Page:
India is at war with secularism
Let’s not call what happened in Delhi communal riots or a sectarian conflict. Let’s call it what it was: a systematic attack against the Muslims of India. What happened in Delhi between February 23-25 was an organised and planned offensive against the Muslims. Both Hindus and Muslims are among the 42 people who have been declared dead so far; evidently, violence, once it begins, assumes its own character and does not discriminate on the basis of religion. Ever since protests erupted against the Citizenship Amendment Act (CAA) in December last year, a parallel campaign has been running, aimed at increasing divisiveness and furthering the agitation.
The CAA redefines Indian citizenship on the basis of religion and is discriminatory against Muslims. Additionally, Muslims also fear that if the government goes ahead with its proposed National Register of Citizens (NRC) then the major victim of this would be Muslim community. Before the protests started, the government had been repeatedly saying both inside and outside the parliament that the CAA would be followed by the nationwide implementation of the NRC. But the Bharatiya Janata Party (BJP) was forced to change its tune in wake of the nationwide protests, and announced that it had no plans yet to implement the NRC. However, the party has still refused to declare categorically whether or not the nationwide NRC will eventually see the light of day.
With the government’s track record and its approach towards the Muslim minority over the last six years not inspiring any confidence, concerned citizens have been rallying against the NRC and CAA, which many believe to be discriminatory. Unsurprisingly, the vociferous protests inspired contempt among the Hindu right wing, and they have been trying to create a divisive narrative around the matter ever since. As a result, Shaheen Bagh in Delhi became a symbol of resistance against the Narendra Modi regime, and people have been protesting for more than two months against both the CAA and the NRC. This is the first time that Modi has faced an organised resistance against his regime.
It is no secret that the CAA is discriminatory and is intended to polarise Indian society in an attempt to consolidate the majority votes. The government tried to sell the CAA during the Jharkhand elections and the recently concluded Delhi elections, but the people rejected it. However, the issue has divided the nation, and Muslims protests have been largely portrayed by the Hindu right wing as being anti-national. During the Delhi elections, the ruling BJP led an aggressive campaign and asked voters to essentially choose between India or Pakistan.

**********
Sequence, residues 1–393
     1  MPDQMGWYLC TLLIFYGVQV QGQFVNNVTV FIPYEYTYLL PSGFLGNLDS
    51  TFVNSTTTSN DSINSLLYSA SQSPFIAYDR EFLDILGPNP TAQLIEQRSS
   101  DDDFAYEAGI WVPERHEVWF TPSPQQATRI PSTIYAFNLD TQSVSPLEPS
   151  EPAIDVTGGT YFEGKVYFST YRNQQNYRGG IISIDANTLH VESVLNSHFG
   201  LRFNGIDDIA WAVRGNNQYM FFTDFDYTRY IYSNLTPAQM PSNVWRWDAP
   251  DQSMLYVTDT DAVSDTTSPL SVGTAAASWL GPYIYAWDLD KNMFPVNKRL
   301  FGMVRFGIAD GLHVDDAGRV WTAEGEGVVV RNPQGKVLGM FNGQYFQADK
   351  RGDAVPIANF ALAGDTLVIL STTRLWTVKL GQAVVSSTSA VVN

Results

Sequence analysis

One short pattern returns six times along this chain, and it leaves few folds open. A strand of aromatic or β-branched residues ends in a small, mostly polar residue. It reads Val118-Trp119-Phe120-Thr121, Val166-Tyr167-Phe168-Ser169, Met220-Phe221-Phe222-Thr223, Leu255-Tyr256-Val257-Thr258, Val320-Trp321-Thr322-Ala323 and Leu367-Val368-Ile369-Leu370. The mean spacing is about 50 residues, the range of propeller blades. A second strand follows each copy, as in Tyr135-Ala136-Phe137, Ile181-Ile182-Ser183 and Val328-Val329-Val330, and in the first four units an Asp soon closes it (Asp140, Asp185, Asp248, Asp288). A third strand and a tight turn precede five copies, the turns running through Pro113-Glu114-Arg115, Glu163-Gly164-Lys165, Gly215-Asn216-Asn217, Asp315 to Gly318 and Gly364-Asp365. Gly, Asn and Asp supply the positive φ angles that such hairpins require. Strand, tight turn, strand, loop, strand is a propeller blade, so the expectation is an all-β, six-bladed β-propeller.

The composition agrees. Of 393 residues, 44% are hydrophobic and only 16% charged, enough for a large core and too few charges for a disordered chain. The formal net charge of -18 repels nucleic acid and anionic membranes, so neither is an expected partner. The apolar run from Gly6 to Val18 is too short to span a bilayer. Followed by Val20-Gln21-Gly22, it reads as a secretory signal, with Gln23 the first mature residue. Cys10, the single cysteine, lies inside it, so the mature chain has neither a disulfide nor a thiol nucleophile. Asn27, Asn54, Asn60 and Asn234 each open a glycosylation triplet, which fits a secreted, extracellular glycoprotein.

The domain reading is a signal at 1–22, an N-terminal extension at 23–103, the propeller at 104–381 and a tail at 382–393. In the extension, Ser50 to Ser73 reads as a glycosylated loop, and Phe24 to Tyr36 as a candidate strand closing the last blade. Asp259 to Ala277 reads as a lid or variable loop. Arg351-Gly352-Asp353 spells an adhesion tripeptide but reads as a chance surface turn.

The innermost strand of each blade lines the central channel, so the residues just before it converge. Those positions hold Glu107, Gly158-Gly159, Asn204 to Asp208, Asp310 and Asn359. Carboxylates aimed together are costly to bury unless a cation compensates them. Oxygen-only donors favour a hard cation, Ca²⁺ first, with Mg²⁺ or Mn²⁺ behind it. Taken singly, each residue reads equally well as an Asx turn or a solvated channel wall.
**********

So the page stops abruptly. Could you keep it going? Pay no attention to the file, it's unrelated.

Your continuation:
Soon after the declaration of the results of the Delhi elections, a BJP leader warned the protestors to be ready to face the consequences if they failed to vacate the protest site in North East Delhi. The haunting warning came true. While the attention of the nation was fixed on Donald Trump’s two day trip to India, an organised group of rioters shouting “Jai shree Ram”(Hail Ram) led a coordinated attack in various predominantly Muslim areas of Delhi. A visit to the affected areas clearly demonstrates the attacks were well planned and that the Muslims and there localities were targeted in an organised manner. The dance of death and destruction continued for three days right under the very nose of the central government. Many police members remained passive bystanders, making it apparent that when the law enforcement agencies start behaving like a mob then there is clearly a larger plan behind the violence. Hence, can one exonerate the central government after this immense loss of life and destruction of property?
In the last six years the government has stoked so much antagonism in India that now every institution in the country today behaves like the government’s stooge. The discourse of secularism in the country has been vitiated. Be it the situation in Kashmir, the CAA, the NRC or the ongoing protests, the media has become a tool used to spread communal hatred in India. With regards to the CAA, the mainstream media largely supported the government and hardly provided a platform for dissenting voices; thus failing to highlight the dangers of such a divisive act. In such a poisonous atmosphere, a single spark was enough to ignite a fire.
India today is a manifestation of the fears of India’s founding fathers. Even in 2013, when Modi was fighting in the elections, there was a fear that India would be turned into a majoritarian state and prejudice and discrimination on the basis of religion would be institutionalised. But, amidst this sea of antagonism, there were also those who chose the side of humanity, with many lives being saved by Hindus who protected their Muslim neighbours, and many Muslims also saving the lives of Hindus. It is only this inherent humanity which can now save India at a time when the country’s secular credentials are under threat.
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